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ERIC Number: ED567585
Record Type: Non-Journal
Publication Date: 2013
Pages: 79
Abstractor: As Provided
Reference Count: N/A
ISBN: 978-1-3038-3318-2
ISSN: N/A
A Study of Some Problems in Network Information Theory
Kamath, Sudeep Uday
ProQuest LLC, Ph.D. Dissertation, University of California, Berkeley
Red snapper, "Lutjanus campechanus," were sampled with hook and line at natural (n = 33) and artificial (n = 27) reef sites in the northern Gulf of Mexico from 2009-2011. Stomachs (n = 708) were extracted and their contents preserved for gut content analysis, and muscle tissue samples (n = 200) were dissected and frozen for stable isotope ratio-mass spectrometry (delta[superscript 13]C, delta[superscript 15]N, and delta[superscript 34]S) analysis. Forty-eight percent of sampled fish had identifiable prey which were grouped into 7 categories: fish, decapods, cephalopods, stomatopods, gastropods, zooplankton, and other invertebrates. A permutational multivariate analysis of variance (PERMANOVA) was computed to test the effect of fish size, habitat type, and the Deepwater Horizon Oil Spill (DHOS) on red snapper diet. Fish size (PERMANOVA, p = 0.021), and the DHOS (PERMANOVA, p = 0.001) were both significant effects in the model, but interactions between habitat type and the DHOS (PERMANOVA, p = 0.049) was also significant. Significant differences in diet among red snapper size categories were due to low trophic position prey items, such as pelagic zooplankton, being more abundant in the diet of larger (>500mm) red snapper, while red snapper in smaller size classes contained greater amounts of higher trophic level prey such decapods and fish. Although no significant difference existed in red snapper diet between habitat types, they consumed slightly higher amounts of decapods at artificial reefs (21.9% of total diet) than natural (14.8%). The significant DHOS effect was driven by an increase in fish and a decrease in zooplankton in red snapper diet following the spill; however, this effect cannot be interpreted independently given the significant interaction between habitat type and the DHOS effect. Zooplankton prey consumption declined and fish consumption increased for red snapper sampled at both artificial and natural reefs after the DHOS, but fish consumption increased to a greater extent at artificial reef sites following the spill. A significant increase in delta[superscript 15]N after the DHOS (ANOVA, p <0.001) also indicates red snapper sampled fed on higher trophic position prey following the spill, and lower delta[superscript 34]S values indicate an increase in benthic versus pelagic prey consumption following the DHOS (ANOVA, p <0.001). The ontogenetic shift in diet observed via gut content analysis was also apparent in the significant effect of fish size on delta[superscript 15]N (ANOVA, p = 0.015). Overall, results clearly indicate the DHOS affected red snapper diet and trophic position, and likely affected the abundance of prey resources as well. Study results also confirm the utility of stable isotope analysis to infer aspects of reef fish trophic ecology. [The dissertation citations contained here are published with the permission of ProQuest LLC. Further reproduction is prohibited without permission. Copies of dissertations may be obtained by Telephone (800) 1-800-521-0600. Web page: http://www.proquest.com/en-US/products/dissertations/individuals.shtml.]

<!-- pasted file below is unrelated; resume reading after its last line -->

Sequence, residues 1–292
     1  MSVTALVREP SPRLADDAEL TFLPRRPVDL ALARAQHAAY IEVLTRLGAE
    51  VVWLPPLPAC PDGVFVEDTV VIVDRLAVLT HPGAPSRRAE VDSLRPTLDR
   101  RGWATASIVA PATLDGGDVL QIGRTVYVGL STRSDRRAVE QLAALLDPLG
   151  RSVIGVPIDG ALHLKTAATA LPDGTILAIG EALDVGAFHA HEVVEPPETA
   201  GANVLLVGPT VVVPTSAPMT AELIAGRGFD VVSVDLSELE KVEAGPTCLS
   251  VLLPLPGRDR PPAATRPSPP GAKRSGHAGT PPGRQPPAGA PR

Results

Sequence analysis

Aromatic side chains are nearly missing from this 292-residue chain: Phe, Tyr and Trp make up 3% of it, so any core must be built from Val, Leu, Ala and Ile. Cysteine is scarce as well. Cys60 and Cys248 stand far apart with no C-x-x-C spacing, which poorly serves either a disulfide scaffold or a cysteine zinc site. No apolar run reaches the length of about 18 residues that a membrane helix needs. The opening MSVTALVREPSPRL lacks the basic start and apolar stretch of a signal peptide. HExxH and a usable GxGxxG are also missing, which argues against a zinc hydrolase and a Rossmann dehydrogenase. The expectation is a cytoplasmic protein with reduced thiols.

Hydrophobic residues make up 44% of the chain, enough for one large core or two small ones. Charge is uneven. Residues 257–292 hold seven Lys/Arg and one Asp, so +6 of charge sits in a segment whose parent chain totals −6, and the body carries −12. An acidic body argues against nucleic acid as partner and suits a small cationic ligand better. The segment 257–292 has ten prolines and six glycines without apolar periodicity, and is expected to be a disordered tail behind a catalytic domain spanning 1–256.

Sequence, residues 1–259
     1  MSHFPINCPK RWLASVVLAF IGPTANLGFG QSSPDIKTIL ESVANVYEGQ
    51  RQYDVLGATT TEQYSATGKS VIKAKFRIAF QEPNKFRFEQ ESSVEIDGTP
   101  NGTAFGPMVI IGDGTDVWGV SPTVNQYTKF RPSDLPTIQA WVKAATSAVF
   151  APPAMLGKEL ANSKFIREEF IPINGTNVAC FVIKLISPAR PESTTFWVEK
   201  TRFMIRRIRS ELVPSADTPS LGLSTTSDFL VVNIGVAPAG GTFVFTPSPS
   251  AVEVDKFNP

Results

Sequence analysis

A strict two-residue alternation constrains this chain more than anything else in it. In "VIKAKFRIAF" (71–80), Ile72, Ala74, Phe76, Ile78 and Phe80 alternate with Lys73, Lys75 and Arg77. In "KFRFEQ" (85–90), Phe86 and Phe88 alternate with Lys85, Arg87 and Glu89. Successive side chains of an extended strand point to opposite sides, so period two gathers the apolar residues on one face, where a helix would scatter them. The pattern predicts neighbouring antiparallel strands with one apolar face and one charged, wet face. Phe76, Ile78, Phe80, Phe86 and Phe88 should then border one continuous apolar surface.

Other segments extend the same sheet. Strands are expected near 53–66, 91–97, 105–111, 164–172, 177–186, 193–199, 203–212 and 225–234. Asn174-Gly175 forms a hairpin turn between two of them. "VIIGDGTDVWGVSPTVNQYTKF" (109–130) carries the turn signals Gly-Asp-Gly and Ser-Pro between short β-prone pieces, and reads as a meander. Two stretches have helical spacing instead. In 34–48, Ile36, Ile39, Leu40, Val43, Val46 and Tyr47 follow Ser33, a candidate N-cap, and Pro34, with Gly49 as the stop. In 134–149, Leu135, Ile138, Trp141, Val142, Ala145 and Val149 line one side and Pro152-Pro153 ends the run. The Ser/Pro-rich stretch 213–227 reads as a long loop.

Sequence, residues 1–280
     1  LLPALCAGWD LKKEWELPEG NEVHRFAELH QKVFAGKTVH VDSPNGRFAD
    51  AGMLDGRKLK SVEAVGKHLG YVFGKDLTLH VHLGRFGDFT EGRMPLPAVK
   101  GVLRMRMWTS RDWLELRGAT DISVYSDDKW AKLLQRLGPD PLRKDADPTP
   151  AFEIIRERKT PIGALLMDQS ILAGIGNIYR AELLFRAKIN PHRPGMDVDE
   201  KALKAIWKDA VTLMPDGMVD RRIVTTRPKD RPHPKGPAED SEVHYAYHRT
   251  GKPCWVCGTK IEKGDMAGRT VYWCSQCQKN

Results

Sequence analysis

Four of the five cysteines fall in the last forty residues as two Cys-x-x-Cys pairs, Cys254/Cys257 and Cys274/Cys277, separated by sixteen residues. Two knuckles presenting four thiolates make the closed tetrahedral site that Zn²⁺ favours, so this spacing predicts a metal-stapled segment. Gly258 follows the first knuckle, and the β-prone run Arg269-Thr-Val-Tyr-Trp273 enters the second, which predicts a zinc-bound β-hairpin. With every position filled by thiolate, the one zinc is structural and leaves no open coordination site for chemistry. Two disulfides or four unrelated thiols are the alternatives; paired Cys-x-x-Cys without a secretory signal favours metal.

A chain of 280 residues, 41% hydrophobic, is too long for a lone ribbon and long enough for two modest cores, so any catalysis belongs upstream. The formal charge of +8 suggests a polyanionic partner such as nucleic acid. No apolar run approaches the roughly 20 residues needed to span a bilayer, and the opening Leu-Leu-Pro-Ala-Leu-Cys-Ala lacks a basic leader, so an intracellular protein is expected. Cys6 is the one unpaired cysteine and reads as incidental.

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Publication Type: Dissertations/Theses - Doctoral Dissertations
Education Level: N/A
Audience: N/A
Language: English
Sponsor: N/A
Authoring Institution: N/A